When I see Bellydancers who emphasize aggressive sexuality lacking finesse or subtle artistry, it often makes me think they are in the process of overcoming their own inner oppression. These instances of course then add to the discourse that Bellydance is sexualized spectacle.

Bellydance can be both a feminist act of empowerment and sexualized spectacle and sometimes, at the same time. The message is in the hands of the Bellydance artist. The sooner Bellydancers and people in general balance out their former inner sexual oppression, the sooner this art form can be more of an expression of love and the miracle of the universe.

I really look forward to this day and hope I see it in my lifetime. Then perhaps, confusion over what Bellydance is and whether it is worthy of respect will be cleared up.

From interview in dance magazine (The Dance Current) many years ago.

Little Egypt

Little Egypt - dancer at Chicago World's Fair 1893

The Significance of Dancing to the Music of Oum Kalthoum

These are thoughts about the significance of Oum Kalthoun for Bellydancers taken from articles I wrote as part of the Ask Yasmina Column for Gilded Serpent. Although written and published in 2009 and 2010, I feel they are still relevant for students today.

Understanding the importance of Oum Kalthoum and her music offers profound insight into Arab culture, poetry, art, nuance, and most importantly, the music that Bellydancers dance to. Almost every Bellydance CD on the market includes at least one or two instrumental renditions of her songs. You have heard the melodies so often.

Below is some information distilled from Wikipedia that sums up her importance musically.

“ Imagine a singer with the virtuosity of Joan Sutherland or Ella Fitzgerald, the public persona of Eleanor Roosevelt and the audience of Elvis and you have Oum Kalthoum, the most accomplished singer of her century in the Arab world. ” 
— Virginia Danielson, Harvard Magazine

When the Egyptian singer Oum Kalthoum died in 1975, millions flooded the streets of Cairo in mourning. Her songs deal mostly with the universal themes of love, longing and loss. They are nothing short of epic in scale, with durations measured in hours rather than minutes.

 Jah Wobble, Bob Dylan,  Jean-Paul Sartre, Marie Laforêt, Salvador Dalí, Nico, Bono, Farin Urlaub, and Led Zeppelin are just some admirers of Kalthoum’s music. She was referred to as "The Lady" by Charles de Gaulle, and is regarded as "The Incomparable Voice" by Maria Callas. Oum Kalthoum is remembered in Egypt, the Middle East, and the Arab world as one of the greatest singers and musicians to have ever lived. She is also notably popular in Israel among Jews and Arabs alike, and her records continue to sell about a million copies a year. Even today, she has retained a near-mythical status among young Egyptians.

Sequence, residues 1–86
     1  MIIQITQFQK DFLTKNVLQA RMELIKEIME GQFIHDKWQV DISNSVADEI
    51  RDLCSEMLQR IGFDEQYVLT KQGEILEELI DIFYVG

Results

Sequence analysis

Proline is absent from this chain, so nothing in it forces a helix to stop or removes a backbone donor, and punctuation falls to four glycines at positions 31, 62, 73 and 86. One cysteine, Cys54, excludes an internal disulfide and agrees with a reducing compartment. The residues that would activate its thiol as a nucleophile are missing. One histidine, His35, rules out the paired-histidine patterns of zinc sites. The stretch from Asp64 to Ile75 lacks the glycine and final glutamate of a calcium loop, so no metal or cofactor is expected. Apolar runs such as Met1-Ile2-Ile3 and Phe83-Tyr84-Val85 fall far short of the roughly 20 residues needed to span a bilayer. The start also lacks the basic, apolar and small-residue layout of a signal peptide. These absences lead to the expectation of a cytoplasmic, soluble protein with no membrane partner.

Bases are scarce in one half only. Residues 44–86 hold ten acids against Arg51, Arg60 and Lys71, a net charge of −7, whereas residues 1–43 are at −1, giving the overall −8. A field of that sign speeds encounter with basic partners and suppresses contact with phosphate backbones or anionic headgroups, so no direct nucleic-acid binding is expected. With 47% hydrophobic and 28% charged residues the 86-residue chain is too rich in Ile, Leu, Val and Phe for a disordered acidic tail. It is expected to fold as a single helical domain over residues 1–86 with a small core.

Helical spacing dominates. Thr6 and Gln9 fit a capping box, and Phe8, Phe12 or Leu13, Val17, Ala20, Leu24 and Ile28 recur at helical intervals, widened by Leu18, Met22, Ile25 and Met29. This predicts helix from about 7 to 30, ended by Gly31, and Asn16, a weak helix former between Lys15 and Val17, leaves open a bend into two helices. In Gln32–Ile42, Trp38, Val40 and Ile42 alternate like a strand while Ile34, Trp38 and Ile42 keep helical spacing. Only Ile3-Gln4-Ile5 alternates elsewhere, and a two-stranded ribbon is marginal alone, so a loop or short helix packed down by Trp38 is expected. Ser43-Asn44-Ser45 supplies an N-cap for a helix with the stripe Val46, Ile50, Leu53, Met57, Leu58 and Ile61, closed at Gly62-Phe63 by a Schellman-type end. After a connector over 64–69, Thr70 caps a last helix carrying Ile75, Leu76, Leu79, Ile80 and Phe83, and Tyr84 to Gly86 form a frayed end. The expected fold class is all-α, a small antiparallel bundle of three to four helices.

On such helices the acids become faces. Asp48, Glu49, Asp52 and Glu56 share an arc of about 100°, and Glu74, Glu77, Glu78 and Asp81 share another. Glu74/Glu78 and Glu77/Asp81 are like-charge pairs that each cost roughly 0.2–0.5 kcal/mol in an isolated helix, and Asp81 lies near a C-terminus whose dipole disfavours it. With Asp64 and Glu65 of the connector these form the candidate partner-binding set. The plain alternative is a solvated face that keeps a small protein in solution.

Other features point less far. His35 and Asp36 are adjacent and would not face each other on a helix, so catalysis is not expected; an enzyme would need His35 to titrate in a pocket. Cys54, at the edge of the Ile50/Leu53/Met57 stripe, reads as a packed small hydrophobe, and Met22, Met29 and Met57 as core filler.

The movements that Bellydancers express are passed down through dancers like Tahia Carioca, Samia Gamal, Sohair Zaki and Dina etc. Whether they are new, old or revamped, all of the movements were created as an emotional reaction to Arab music. The music and poetry of the songs of Oum Kalthoum is the pinnacle of Middle Eastern music. Until one makes the profound connection to her music and finds oneself blissfully lost in one of her hour long songs, one has not really felt or experienced the meaning of the movement.

Since her songs speak of unrelenting love, one should also read the story of Majnun and Leila* to understand which is the love she is singing about and the love expressed in our dance.

*Majnun and Leila is the original love story told by word of mouth for generations by Arab Bedouins long before Romeo & Juliette or Tristan & Isolde. It was eventually written down by an Azerbaijani poet in Farsi. So much of Asia, North Africa and the Middle East claim this story their own. Every generation of young lovers relate to this story. It is an intimate part of all of these cultures.

Oum KalthoumI believe that mastering the art of dancing to taqsim is a prerequisite to dancing to the music of Oum Kalthoum. I also ask my students to listen to original recordings of her concerts 24 hours a days for 2 years or until one finds the magic in her songs and becomes addicted. When this happens the movement quality and nuance are transformed when dancing to all Arab music. Note that original recording of one to two songs on a CD since the songs are generally too long to fit anymore.

To study and listen endlessly to the original recordings of Oum Kalthoum's concerts will open movement pathways for a Bellydancer that will transform her/his physical expression. To eventually be able to express her music in one's dance is a sign that one is becoming a Raqs Sharqi dance artist. Dancing to the music of Oum Kalthoum is seen as significant and not to be taken lightly especially in the eyes of some audiences. 

 An Arab audience will have a more discerning eye for the artistic interpretation of this music and a much stronger emotional investment. All of her songs are of equal importance - some are more famous and popular and many have been adapted for Bellydancers. It is said that only a Maalema can dance to the music of Oum Kalthoum.

The following are some important factors to take into account on this subject. The music of Oum Kalthoum is often quite difficult with rhythm changes and thus a beginner dancer will find it difficult to apply short cut elements like combos that can easily be used with pop music. The music is generally slow and emotional, often in a sad maqaam so emotional expression is an important factor. Leave the dynamic hitting accents for the most part when dancing for drum solos, not when dancing to the music of Oum Kalthoum.